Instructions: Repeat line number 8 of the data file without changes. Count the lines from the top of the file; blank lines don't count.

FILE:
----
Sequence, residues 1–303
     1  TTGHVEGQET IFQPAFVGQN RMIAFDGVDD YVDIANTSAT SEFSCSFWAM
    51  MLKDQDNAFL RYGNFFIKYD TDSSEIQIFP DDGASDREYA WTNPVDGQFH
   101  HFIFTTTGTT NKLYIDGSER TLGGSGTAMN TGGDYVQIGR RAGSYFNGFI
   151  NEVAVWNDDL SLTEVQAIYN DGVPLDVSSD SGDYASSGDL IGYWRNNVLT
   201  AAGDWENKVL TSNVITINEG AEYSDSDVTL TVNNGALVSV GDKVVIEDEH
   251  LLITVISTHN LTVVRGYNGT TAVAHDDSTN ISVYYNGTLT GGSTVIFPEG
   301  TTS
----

   301  TTS